The Jerusalem District Court released five right-wing extremists to house arrest, days after being indicted for monitoring Israel Defense Forces operations in the West Bank in an attempt to thwart the demolition of illegal outposts.
On Sunday, the Jerusalem District Prosecutor’s Office submitted a severe indictment against the five activists, charging them with tracking army movements, possession of classified military material, and orchestrating an attack by activists on an Israel Defense Forces base.
The five charged were Akiva Hacohen and Elad Meir, David Eliyahu, Effi Heikin, and Meir Ettinger.
Speaking in court on Tuesday, officials from the Hanenu NGO, which provides legal representation to the defendants, said that the five organized a legitimate protest and there was no justification to incarcerate them.
In her ruling, judge Hana Ben Ami said that “despite the circumstances surrounding the issue, [the defendants’ actions] do not present a high level of danger”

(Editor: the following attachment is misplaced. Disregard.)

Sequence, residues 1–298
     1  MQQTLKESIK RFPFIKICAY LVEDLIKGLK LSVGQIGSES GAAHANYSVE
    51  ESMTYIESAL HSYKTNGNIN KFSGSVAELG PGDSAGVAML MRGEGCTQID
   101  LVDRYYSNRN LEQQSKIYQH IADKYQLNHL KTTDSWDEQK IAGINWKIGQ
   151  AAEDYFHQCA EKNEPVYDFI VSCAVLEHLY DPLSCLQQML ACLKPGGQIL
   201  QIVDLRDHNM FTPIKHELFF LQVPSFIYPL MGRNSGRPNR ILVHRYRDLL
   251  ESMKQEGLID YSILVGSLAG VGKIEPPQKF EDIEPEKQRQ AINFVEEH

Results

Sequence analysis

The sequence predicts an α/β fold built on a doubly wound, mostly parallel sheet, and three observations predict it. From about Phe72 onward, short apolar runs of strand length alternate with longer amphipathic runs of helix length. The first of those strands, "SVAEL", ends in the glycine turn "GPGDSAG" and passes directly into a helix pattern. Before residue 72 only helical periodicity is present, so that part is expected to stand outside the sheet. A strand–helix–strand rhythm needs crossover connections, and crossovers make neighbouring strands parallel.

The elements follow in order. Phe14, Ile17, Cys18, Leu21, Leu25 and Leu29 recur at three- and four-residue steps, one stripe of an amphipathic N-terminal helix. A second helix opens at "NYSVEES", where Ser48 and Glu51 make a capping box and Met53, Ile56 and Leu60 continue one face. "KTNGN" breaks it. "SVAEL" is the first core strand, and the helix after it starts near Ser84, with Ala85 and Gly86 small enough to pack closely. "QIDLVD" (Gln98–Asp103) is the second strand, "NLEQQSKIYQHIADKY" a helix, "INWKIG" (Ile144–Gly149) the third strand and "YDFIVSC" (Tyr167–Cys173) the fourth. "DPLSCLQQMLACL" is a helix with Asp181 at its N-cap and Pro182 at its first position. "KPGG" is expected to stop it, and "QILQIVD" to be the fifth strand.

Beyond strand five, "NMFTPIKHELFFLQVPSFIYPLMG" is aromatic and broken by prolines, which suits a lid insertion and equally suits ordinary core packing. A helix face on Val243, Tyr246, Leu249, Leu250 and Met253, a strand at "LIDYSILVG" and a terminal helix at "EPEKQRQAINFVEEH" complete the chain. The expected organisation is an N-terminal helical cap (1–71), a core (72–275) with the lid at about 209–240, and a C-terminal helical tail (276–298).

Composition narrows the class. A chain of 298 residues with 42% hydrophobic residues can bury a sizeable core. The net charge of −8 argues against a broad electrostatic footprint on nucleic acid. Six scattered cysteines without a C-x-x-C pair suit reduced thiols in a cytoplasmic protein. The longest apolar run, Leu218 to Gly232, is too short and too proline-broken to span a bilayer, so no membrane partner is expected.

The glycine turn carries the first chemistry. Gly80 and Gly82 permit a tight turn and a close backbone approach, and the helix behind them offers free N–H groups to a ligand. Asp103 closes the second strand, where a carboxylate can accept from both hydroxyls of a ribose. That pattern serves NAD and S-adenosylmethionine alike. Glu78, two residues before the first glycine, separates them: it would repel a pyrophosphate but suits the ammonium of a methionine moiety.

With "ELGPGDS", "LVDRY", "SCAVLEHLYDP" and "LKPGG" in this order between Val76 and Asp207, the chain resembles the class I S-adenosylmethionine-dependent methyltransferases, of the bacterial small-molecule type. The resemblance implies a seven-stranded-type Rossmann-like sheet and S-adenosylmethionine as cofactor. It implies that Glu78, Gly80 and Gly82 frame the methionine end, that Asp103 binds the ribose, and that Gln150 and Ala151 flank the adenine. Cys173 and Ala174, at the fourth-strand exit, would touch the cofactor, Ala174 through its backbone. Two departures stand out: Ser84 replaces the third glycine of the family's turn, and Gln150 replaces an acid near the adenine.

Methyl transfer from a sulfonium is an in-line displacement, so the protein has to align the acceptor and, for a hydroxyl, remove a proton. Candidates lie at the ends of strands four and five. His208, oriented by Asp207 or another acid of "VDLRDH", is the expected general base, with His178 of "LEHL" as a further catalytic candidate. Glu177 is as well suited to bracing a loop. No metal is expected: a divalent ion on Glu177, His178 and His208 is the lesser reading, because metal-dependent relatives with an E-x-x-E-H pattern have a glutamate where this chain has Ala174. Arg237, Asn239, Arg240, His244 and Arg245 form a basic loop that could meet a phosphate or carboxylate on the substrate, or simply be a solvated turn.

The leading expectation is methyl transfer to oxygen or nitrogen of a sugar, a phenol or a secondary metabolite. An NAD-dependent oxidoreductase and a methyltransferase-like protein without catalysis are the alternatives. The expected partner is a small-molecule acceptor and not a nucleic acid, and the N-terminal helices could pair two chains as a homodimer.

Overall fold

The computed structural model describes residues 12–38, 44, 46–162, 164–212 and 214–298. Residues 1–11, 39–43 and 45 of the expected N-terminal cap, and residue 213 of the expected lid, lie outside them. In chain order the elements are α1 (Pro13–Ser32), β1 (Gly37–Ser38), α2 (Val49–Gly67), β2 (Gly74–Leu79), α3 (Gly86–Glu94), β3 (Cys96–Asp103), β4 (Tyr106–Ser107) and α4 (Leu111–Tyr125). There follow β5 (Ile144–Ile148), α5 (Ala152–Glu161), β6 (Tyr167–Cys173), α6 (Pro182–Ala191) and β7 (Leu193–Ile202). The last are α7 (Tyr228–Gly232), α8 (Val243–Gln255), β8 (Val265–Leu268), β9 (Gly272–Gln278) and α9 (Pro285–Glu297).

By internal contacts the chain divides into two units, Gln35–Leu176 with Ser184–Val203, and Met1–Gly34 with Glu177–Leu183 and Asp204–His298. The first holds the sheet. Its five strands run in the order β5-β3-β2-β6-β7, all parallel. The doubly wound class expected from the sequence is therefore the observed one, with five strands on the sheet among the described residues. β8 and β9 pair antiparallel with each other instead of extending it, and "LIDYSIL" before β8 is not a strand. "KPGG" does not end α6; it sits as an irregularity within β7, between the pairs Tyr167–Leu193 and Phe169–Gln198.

“The indictment shows that the majority of their activities, beyond intelligence collection, centered around non-violent protests in areas patrolled by the military, including singing songs, dancing, and telling soldiers the actions they must take,” Ben Ami added.
The five were subsequently all free to full house arrest, with the court ruling large sums of money be deposited as collateral against their release. Jerusalem prosecutors asked to court to delay their release, and the ruling’s execution was postponed by 38 hours to allow the Jerusalem District Prosecutor’s Office to appeal it before the Supreme Court.
This story "In Israel, Right-Wing Activists Put on House Arrest" was written by Haaretz.